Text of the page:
There are far fewer “maxillofacial surgery” practices. It is an “oligopoly” at the level of the metro. It is not a pure monopoly, but companies have substantial pricing power and fewer incentives to satisfy customers. Patients have very imperfect information about the alternatives. They depend on the good word of their own family dentist and often face a dental crisis. Such specialized practices can treat patients well, but the incentives for doing so are weaker because treatment is more specialized and patient information is less.
And that is why these lessons apply to much larger problems, in market sectors that affect millions of people. Consider such oligopolies in social media and search engines. In Congress, Democratic Senator Amy Klobuchar joined forces with her Republican counterpart Tom Cotton on the matter. The monopoly power of the meat and dairy packaging industry giants is hurting Minnesota farmers and consumers. Specialty dentists with weak client relationships are just a minor irritant. But the moral of inelastic demand is that none of these companies, big or small, are at risk of losing business because of their abuse.
There is, however, an important story. I had a chip on my shoulder eight years ago. I still have some form of PTSD as a result of a violent sexual assault by a stranger that I experienced when I was six years old. This is not an “me too” moment – I wrote an op-ed about it 30 years ago. I relate it to students when presenting Milton Friedman’s views on how economists should ignore their beliefs or personal experiences. The shame that keeps people from speaking simply strengthens the perpetrators.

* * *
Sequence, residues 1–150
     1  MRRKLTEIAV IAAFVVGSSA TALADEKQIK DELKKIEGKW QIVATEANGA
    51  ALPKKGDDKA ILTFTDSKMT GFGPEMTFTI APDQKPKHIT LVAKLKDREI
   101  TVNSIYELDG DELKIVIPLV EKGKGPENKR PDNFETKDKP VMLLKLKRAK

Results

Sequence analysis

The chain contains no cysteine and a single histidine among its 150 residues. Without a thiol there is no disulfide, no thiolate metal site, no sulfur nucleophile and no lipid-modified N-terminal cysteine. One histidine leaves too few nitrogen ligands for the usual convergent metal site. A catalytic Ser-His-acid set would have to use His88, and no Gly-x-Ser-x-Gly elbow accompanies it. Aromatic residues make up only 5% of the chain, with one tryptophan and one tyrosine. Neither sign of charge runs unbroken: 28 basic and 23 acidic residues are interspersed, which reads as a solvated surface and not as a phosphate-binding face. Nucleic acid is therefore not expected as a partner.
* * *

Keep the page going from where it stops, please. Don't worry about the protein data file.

This childhood experience touched me enormously, but it is also only part of who I am. But as a result, dental procedures can be extremely stressful. Coping mechanisms reduce my fear and discomfort. Informing dentists is at the top of the list. During their first visit to this maxillofacial surgeon in 2013, their form asked: “Are there particular problems that affect…? I wrote about my experience. This receptionist and an assistant walked past it. The DDS-MD walked in, scanned quickly, ignored my response and went into, “So what brings you here…”.
Since they asked the question, I have found ignoring my answer deeply disrespectful. For someone else, barely emerging from decades of silent fear, it could have been emotionally devastating. I gritted my teeth, interrupted her, had my say and we went from there. She turned out to be a superb doctor, even though empathy was put to the test.
The incident, however, refutes a conventional economic theory resembling the “Field of Dreams”. If a lot of people want something, market incentives ensure that someone will offer it. Not always !
The shame and fear of society around sexual violence creates “exteriority”. Tens of millions of survivors yearn for a better understanding of medical care. Some suppliers must realize this. Family practices display cheerful pink hippos and laughing giraffes to allay the fears of young patients, but hardly any make any effort to advertise sensitive PTSD treatment. It is a measure to which the attitudes that economists categorize as “tastes and preferences” erase the gears of idealized free markets.
St. Paul’s economist and writer Edward Lotterman can be contacted at [email protected]